Halpern SD, Ubel PA, Caplan AL. Solid-Organ Transplantation in HIV-Infected Patients. New England Journal of Medicine; 2002 Jul 25;347(4):284–7. Available from: http://dx.doi.org/10.1056/nejmsb020632
Article published electronically ahead of the print version
Yu WM, Hawley TS, Hawley RG, Qu CK. Immortalization of yolk sac-derived precursor cells. Blood. 2002 Nov 15;100(10):3828-31. Epub 2002 Jul 5.
Books and Other Monographs
Murray PR, Rosenthal KS, Kobayashi GS, Pfaller MA. Medical microbiology. 4th ed. St. Louis: Mosby; 2002.
Editor(s), compiler(s) as author
Gilstrap LC 3rd, Cunningham FG, VanDorsten JP, editors. Operative obstetrics. 2nd ed. New York: McGraw-Hill; 2002.
Book with Author(s) and editor(s)
Breedlove GK, Schorfheide AM. Adolescent pregnancy. 2nd ed. Wieczorek RR, editor. White Plains (NY): March of Dimes Education Services; 2001.
Book with Organization(s) as author
Advanced Life Support Group. Acute medical emergencies: the practical approach. London: BMJ Books; 2001. 454 p.
American Occupational Therapy Association, Ad Hoc Committee on Occupational Therapy Manpower. Occupational therapy manpower: a plan for progress. Rockville (MD): The Association; 1985 Apr. 84 p.
National Lawyer’s Guild AIDs Network (US); National Gay Rights Advocates (US). AIDS practice manual: a legal and educational guide. 2nd ed. San Francisco: The Network; 1988.
Chapter in a book
Meltzer PS, Kallioniemi A, Trent JM. Chromosome alterations in human solid tumors. In: Vogelstein B, Kinzler KW, editors. The genetic basis of human cancer. New York: McGraw-Hill; 2002. p. 93-113.
Other Published Material
Tynan T. Medical improvements lower homicide rate: study sees drop in assault rate. The Washington Post. 2002 Aug 12;Sect. A:2 (col. 4).
Chason KW, Sallustio S. Hospital preparedness for bioterrorism [videocassette]. Secaucus (NJ): Network for Continuing Medical Education; 2002.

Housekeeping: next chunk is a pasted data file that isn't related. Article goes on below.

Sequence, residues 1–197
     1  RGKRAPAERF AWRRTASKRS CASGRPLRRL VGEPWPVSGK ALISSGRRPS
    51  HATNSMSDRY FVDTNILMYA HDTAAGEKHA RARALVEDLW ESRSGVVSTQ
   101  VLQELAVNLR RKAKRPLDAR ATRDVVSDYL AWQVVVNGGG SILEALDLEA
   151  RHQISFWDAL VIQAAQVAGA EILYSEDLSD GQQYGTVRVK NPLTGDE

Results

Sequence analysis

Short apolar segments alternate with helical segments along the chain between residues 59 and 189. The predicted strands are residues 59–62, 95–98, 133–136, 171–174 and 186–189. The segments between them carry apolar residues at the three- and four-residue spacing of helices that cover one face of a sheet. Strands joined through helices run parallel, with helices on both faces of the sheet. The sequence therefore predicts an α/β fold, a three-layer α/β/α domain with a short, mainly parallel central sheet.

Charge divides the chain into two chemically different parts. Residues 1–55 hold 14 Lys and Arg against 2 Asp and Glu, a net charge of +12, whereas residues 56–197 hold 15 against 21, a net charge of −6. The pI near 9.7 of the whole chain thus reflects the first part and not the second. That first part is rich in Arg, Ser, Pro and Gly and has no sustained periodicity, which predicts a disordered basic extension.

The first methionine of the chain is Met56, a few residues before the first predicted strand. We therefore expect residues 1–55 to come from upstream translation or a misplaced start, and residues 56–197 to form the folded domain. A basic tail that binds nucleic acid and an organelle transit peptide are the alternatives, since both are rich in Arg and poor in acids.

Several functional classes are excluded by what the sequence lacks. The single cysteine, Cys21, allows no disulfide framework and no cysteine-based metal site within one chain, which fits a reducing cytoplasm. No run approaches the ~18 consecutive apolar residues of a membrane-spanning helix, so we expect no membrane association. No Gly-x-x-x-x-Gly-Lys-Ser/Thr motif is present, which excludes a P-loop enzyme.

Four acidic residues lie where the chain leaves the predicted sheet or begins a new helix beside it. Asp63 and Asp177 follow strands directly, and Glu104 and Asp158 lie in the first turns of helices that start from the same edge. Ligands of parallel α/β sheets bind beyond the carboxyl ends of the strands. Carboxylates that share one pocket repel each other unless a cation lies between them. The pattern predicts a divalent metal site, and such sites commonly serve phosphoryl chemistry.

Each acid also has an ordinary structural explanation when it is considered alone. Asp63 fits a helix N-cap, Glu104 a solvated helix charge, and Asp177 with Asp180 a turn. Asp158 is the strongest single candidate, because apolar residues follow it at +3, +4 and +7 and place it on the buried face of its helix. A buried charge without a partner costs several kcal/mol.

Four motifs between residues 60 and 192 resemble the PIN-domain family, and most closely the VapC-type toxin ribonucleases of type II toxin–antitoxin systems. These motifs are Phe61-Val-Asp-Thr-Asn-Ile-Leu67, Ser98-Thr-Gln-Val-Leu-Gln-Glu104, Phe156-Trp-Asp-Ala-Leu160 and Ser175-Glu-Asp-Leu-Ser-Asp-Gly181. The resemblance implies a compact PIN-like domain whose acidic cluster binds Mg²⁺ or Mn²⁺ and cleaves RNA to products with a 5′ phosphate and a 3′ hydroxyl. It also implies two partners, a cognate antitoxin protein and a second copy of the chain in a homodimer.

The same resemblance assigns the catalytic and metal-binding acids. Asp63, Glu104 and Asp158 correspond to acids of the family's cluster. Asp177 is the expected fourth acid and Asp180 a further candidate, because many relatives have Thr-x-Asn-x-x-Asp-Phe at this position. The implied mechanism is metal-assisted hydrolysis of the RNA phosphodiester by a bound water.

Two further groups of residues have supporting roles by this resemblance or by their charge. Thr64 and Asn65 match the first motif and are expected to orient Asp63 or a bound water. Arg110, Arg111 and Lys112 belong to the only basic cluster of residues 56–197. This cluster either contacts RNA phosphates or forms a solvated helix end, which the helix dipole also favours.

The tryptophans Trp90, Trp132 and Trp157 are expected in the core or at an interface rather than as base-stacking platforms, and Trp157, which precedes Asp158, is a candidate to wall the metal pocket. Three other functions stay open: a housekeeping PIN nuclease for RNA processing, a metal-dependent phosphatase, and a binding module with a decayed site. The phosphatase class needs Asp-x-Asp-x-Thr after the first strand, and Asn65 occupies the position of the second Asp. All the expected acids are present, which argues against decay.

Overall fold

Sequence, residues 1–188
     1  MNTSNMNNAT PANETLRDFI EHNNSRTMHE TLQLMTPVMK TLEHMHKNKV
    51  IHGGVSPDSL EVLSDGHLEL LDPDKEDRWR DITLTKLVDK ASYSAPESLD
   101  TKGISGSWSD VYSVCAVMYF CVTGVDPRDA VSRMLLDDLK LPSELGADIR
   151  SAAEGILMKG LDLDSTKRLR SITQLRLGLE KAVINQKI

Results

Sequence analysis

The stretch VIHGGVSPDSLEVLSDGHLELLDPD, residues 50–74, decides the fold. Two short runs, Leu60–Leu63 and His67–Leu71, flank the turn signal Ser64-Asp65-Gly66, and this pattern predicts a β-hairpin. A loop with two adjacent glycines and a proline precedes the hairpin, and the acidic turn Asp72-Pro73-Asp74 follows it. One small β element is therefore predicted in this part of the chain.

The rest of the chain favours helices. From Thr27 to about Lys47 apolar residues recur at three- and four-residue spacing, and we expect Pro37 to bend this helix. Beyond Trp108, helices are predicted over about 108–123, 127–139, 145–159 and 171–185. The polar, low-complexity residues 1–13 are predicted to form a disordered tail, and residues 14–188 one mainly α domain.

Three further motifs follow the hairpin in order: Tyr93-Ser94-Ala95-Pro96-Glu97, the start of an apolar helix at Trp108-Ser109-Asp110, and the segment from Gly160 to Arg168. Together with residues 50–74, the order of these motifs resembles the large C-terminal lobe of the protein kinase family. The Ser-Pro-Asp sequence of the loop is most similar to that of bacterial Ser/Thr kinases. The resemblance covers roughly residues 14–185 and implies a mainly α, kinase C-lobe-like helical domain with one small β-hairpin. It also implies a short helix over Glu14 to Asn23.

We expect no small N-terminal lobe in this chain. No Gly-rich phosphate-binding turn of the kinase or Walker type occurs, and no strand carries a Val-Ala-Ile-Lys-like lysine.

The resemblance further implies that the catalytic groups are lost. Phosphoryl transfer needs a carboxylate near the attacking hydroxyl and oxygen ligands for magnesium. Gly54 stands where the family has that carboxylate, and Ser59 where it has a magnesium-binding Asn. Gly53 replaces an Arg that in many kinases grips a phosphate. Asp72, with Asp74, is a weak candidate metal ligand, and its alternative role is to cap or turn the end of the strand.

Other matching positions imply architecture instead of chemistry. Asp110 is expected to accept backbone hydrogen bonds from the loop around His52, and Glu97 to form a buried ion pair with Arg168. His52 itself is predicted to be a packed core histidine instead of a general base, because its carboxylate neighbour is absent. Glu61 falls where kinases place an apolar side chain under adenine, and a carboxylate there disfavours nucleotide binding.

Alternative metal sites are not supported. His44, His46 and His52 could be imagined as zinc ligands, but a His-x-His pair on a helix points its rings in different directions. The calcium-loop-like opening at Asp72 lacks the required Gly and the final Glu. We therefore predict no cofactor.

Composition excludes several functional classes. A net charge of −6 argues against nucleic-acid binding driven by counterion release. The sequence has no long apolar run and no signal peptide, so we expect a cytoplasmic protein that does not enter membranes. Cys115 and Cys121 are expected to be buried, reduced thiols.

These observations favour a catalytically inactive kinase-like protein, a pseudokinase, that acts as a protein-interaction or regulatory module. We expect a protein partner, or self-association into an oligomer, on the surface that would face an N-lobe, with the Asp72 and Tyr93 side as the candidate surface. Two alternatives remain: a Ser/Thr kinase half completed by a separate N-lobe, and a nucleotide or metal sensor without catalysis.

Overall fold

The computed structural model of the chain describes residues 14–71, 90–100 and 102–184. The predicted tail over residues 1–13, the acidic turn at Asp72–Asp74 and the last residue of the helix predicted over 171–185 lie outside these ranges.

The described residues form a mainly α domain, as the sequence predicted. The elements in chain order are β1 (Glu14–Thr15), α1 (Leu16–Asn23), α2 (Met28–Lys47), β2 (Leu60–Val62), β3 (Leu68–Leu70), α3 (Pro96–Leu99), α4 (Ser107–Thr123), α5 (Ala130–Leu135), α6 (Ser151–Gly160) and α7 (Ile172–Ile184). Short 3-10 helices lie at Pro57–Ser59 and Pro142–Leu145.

Dictionary and similar references
Dorland’s illustrated medical dictionary. 29th ed. Philadelphia: W.B. Saunders; 2000. Filamin; p. 675.
Anderson SC, Poulsen KB. Anderson’s electronic atlas of hematology [CD-ROM]. Philadelphia: Lippincott Williams & Wilkins; 2002.
Journal article on the Internet
Abood S. Quality improvement initiative in nursing homes: the ANA acts in an advisory role. Am J Nurs [Internet]. 2002 Jun [cited 2002 Aug 12];102(6):[about 1 p.]. Available from: http://www.nursingworld.org/AJN/2002/june/Wawatch.htmArticle
Monograph on the Internet
Foley KM, Gelband H, editors. Improving palliative care for cancer [Internet]. Washington: National Academy Press; 2001 [cited 2002 Jul 9]. Available from: http://www.nap.edu/books/0309074029/html/.
Cancer-Pain.org [Internet]. New York: Association of Cancer Online Resources, Inc.; c2000-01 [updated 2002 May 16; cited 2002 Jul 9]. Available from: http://www.cancer-pain.org/.
Holt M. The Health Care Blog [Internet]. San Francisco: Matthew Holt. 2003 Oct – [cited 2009 Feb 13]. Available from: http://www.thehealthcareblog.com/the_health_care_blog/.
KidneyNotes.com [Internet]. New York: KidneyNotes. c2006 – [cited 2009 Feb 13]. Available from: http://www.kidneynotes.com/.
Wall Street Journal. HEALTH BLOG: WSJ’s blog on health and the business of health [Internet]. Hensley S, editor. New York: Dow Jones & Company, Inc. c2007 – [cited 2009 Feb 13]. Available from: http://blogs.wsj.com/health/.
Tables Should be typed on separate sheets of paper and should not preferably contain any molecular structures. Only MS word table format should be used for preparing tables. Tables should show lines separating columns but not those separating rows except for the top row that shows column captions. Tables should be numbered consecutively in Arabic numerals and bear a brief title in capital letters normal face. Units of measurement should be abbreviated and placed below the column headings. Column headings or captions shall be in bold face. It is essential that all tables have legends above them, which explain the contents of the table. Tables should not be very large that they run more than one A4 sized page. Tables should not be prepared in the landscape format, i. e. tables that are prepared widthwise on the paper.